OAKLAND — Gov. Gavin Newsom is shuttering all Orange County beaches in an aggressive move that immediately met resistance in the wealthy coastal county whose beaches made national news last weekend when visitors descended there in summer-like weather.
The governor repeatedly chided outdoor recreators this week, warning that mass gatherings could undermine California’s progress toward containing the coronavirus. The state is poised to allow some forms of commerce to resume, but Newsom has said that large crowds could drive up infections and force the state to delay a reopening that’s otherwise weeks away.
He had called out an Orange County city by name, saying “we can’t see images like we saw, particularly on Saturday, in Newport Beach and elsewhere.” On Thursday, Newsom said “the conditions last week, the images we saw at a few of our beaches were disturbing” but noted “the vast majority” of beaches were not overcrowded, citing San Diego, Los Angeles, Mendocino County and the Bay Area.
“In areas where we didn’t see that, you have to acknowledge that, you have to own that and you have to figure that out,” Newsom said, citing the need to respond “in a targeted way” in “a few coastal cities.”
Officials in Orange County, a onetime bastion of Reagan Republicanism that has trended blue, have already clashed with the Newsom administration in court over housing and coronavirus decisions. On Thursday they accused Newsom of overreacting to a handful of incomplete images.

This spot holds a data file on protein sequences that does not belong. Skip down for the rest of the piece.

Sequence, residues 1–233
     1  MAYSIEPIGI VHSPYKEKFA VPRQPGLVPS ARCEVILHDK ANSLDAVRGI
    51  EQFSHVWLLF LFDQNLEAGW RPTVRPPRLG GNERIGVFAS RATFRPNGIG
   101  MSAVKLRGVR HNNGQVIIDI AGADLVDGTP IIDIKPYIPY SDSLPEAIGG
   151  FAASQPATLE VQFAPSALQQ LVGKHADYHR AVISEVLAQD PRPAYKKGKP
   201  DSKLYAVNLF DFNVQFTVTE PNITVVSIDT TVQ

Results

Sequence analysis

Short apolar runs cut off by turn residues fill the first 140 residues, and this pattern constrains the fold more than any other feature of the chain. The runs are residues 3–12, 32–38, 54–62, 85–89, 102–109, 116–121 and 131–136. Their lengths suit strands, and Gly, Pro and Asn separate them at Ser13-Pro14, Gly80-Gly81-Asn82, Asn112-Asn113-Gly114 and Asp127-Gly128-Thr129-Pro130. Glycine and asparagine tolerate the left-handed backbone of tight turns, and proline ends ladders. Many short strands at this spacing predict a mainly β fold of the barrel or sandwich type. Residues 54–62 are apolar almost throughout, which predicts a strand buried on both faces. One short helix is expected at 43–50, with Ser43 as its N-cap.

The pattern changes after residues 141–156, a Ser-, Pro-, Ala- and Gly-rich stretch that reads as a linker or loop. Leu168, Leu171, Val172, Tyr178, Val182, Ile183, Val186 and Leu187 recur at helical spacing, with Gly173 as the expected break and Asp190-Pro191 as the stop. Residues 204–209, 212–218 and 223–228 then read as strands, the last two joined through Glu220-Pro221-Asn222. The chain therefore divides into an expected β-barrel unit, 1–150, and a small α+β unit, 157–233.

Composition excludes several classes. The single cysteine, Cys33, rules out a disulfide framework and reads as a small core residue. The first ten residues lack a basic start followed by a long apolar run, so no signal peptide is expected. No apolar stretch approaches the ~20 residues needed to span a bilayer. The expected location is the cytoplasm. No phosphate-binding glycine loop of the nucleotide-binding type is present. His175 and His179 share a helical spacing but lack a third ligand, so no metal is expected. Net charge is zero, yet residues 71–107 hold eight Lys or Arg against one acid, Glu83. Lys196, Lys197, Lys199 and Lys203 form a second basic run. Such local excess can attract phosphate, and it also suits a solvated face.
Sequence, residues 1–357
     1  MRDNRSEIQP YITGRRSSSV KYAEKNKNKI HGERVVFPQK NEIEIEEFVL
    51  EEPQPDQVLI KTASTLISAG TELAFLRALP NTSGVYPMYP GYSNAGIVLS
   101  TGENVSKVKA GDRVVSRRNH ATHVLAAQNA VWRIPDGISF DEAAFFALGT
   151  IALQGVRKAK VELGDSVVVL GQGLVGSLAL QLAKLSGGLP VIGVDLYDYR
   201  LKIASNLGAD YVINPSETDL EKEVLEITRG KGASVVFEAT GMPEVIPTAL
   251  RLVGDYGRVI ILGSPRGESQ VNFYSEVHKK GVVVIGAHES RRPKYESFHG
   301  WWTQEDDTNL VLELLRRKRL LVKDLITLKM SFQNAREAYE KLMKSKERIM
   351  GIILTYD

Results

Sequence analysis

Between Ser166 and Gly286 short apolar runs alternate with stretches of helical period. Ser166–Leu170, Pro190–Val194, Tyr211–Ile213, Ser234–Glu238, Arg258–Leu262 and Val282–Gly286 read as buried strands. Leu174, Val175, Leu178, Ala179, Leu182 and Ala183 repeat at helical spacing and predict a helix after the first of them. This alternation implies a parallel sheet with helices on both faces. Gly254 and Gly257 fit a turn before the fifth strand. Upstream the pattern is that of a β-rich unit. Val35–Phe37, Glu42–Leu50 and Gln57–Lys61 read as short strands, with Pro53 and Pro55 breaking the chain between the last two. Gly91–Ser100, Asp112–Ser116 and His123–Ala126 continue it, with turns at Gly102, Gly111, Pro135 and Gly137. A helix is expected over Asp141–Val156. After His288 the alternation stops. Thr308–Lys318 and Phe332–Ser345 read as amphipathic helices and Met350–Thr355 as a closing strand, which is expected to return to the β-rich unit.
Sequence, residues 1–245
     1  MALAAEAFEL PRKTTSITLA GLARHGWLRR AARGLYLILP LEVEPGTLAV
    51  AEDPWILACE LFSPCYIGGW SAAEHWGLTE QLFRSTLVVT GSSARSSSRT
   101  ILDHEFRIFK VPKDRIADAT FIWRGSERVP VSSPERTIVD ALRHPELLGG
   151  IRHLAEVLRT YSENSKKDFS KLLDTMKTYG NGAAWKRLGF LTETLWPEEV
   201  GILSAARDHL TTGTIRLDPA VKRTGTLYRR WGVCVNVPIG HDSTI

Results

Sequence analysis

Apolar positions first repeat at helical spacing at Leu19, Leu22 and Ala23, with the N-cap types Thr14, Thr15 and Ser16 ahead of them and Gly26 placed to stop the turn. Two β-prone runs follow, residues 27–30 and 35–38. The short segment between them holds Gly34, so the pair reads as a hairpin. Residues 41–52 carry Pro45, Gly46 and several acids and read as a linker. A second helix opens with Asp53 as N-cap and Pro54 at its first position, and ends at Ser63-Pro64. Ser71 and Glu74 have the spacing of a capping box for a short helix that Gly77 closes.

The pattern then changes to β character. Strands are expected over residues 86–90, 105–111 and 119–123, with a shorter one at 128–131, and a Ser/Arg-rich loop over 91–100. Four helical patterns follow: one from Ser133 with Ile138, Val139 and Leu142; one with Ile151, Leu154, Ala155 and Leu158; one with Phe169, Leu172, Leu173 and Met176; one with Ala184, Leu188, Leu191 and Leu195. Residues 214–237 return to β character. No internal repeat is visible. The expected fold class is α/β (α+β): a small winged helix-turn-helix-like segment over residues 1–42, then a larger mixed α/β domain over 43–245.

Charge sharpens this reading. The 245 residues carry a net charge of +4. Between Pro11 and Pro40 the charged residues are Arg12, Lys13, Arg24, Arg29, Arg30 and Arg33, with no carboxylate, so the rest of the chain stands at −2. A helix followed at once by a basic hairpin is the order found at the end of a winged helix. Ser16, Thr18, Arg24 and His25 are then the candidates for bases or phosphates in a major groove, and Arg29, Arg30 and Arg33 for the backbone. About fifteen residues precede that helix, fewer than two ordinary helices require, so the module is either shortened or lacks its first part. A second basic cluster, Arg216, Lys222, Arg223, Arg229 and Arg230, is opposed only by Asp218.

“His actions are arbitrary and capricious and it is an act of retribution against Orange County,” said county Supervisor Michelle Steel, a Republican who is challenging Democratic Rep. Harley Rouda to reclaim the seat Rouda flipped in 2018.
Steel argued that most Orange County residents have respected social distancing requirements and faulted Newsom for acting based on a “few misleading pictures” that “were taken at a particular angle that made it look as if beachgoers were crowding.” Multiple officials echoed those critiques, including Sheriff Don Barnes, who said he had not seen any violations of the stay-at-home order that would merit law enforcement response.
“The photographs I saw, quite honestly, were a stark contrast to what the governor’s acting on,” Barnes said, adding that he had seen no reason to alter his standing approach of “not taking enforcement action on this order” to maintain social distance.
By focusing on Orange County, Newsom laid down a marker in a demographically shifting area that’s central to his party’s political prospects. Democrats have made steady inroads in the former bastion of Reagan Republicanism, flipping multiple Republican seats that Democrats will be defending in November.
Newsom had already angered local Orange County elected officials by suing the city of Huntington Beach over its failure to build enough housing, and Democrats are defending multiple House seats they claimed in 2018. His administration also drew Orange County outrage in February when it proposed housing coronavirus-exposed people in a state developmental center in Costa Mesa.